The history of the principal researches by which the identity of small-pox and cow-pox has been placed beyond doubt, is thus succinctly and impartially given by Mr. Simon. He says: “As early as 1801, Dr. Gassner, of Gunzburg, after ten unsuccessful trials of smallpox inoculation on cows, had at last succeeded in infecting one; and with matter taken from the resulting vesicles of this animal had inoculated four children; who thereupon had developed in them the ordinary phenomena of vaccination, furnishing vesicles from the lymph of which seventeen other children had been similarly infected.
Dr. Gassner’s discovery remained for forty years almost entirely unknown or unbelieved; but at length, Dr. Thiele of Kasan repeated the experiment with equal success, and rendered it still more complete, by supplying a necessary test of the nature of the process. He showed, namely, that the lymph engendered in these experiments possessed not only the local infectiousness, but likewise the protective powers of cow-pox ; that persons recently inoculated with it might with impunity be let sleep in one bed with small-pox patients, or be inoculated with small-pox virus; that, in short, it was true protective vaccination which they had undergone.
The result of these investigations was not published before the beginning of 1839; at which time other experiments of the same kind, independent and equally conclusive, were being conducted in this country by Mr. Ceely, of Aylesbury, of whom I am glad to repeat the praise expressed by a high authority, that ho ‘has done more to advance the natural history of vaccination than any other individual since the days of Jenner.’
Soon afterwards, and also by independent experiments, Mr. Badcock, a long established druggist at Brighton, arrived at the same conclusion as to the origin of smallpox: and from 1840 to the present time, he has constantly been applying his knowledge to its important practical purpose, having within this period again and again derived fresh stocks of vaccine lymph from cows artificially infected by him; having vaccinated with such lymph more than 14,000 persons, and having furnished supplies of it to more than 400 medical practitioners.”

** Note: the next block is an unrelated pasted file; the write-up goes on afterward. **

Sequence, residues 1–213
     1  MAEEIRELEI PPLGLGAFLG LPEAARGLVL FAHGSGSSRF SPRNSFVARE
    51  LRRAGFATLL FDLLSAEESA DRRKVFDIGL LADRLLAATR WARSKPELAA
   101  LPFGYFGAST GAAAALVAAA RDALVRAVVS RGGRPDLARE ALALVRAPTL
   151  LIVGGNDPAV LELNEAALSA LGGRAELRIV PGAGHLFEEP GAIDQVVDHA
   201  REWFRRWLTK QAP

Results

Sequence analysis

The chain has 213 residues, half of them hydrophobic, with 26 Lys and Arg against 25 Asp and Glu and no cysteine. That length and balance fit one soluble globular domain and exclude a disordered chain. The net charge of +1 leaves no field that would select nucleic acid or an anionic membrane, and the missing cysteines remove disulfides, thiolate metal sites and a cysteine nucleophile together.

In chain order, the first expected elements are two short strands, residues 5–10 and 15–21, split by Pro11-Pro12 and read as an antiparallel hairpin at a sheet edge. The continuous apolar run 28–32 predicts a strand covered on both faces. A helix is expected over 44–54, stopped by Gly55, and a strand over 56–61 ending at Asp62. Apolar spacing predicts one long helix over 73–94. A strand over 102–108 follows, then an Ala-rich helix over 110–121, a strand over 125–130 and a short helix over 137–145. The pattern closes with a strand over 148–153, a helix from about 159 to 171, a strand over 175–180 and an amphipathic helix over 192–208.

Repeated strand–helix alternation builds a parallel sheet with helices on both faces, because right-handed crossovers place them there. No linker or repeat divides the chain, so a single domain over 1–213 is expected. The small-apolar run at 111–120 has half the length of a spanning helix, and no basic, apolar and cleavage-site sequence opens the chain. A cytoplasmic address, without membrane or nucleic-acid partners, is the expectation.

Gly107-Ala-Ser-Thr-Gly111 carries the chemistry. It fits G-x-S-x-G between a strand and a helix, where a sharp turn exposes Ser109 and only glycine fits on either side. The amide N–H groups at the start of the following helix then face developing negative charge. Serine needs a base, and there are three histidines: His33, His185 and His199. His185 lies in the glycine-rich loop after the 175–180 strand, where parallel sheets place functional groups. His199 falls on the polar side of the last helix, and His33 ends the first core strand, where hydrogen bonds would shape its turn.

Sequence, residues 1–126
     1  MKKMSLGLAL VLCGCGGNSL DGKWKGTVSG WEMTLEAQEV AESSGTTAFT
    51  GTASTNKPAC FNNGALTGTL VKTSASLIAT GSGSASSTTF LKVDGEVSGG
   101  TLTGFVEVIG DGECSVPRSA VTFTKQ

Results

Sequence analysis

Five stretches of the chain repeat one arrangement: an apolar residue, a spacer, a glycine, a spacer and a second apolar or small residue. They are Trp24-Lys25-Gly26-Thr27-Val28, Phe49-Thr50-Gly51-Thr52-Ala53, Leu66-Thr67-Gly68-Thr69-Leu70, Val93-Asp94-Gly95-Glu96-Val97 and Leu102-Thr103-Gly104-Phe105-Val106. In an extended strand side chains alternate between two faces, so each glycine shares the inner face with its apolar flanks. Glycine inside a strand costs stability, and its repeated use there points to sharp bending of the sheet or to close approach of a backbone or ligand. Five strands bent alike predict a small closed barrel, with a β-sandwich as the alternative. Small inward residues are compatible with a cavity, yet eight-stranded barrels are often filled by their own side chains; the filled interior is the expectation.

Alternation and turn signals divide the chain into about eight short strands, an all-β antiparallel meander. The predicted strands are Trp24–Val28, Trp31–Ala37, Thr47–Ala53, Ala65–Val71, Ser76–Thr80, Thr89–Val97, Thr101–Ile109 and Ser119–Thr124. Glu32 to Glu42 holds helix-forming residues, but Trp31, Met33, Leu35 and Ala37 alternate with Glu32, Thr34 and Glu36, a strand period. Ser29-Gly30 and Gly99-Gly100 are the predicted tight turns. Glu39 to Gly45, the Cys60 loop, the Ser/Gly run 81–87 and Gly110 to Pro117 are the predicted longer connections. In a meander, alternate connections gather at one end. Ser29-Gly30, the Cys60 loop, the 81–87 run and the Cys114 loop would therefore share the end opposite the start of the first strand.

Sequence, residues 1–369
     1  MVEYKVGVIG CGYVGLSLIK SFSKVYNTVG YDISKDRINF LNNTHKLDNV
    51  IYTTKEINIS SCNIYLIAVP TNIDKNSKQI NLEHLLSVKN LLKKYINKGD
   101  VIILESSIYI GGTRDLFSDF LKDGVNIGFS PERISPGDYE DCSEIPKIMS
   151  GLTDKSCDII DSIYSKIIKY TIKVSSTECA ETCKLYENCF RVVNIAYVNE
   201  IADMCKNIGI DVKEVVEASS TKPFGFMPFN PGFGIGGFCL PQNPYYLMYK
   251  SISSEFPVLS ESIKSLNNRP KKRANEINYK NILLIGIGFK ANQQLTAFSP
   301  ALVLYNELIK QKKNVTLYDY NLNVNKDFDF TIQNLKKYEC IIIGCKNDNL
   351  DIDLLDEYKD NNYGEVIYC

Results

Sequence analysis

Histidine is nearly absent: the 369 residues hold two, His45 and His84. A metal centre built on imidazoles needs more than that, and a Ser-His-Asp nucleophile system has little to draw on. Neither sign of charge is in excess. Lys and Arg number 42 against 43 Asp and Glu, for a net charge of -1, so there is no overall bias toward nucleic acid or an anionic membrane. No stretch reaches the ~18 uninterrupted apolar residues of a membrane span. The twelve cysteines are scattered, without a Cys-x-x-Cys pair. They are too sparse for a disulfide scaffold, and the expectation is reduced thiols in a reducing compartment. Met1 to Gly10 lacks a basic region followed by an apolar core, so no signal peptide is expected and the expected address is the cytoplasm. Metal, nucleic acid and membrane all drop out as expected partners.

In connection with the above statement, Mr. Simon most correctly remarks: “A host of theoretical objections to vaccination might have been met, or, indeed, anticipated, if it could have been affirmed sixty years ago, as it can be affirmed now — this new process of preventing small-pox is really only carrying people through smallpox in a modified form. The vaccinated are safe against smallpox, because, in fact, tltey have had it.”
Real vaccination, therefore, is carrying one through a harmless modification of small-pox. Lord Lyttelton, when he induced the legislature to pass his compulsory vaccination, neglected to make provision for securing, in respect of those operated on, proof of their actually having passed through the disease. Consequently, since as well as before the passing of that law, multitudes have been nominally vaccinated without having been efficiently influenced. The causes of this are easily found. Public vaccinators have been so miserably paid by their union contracts, that they have in too many instances delegated the duty to untaught or careless apprentices.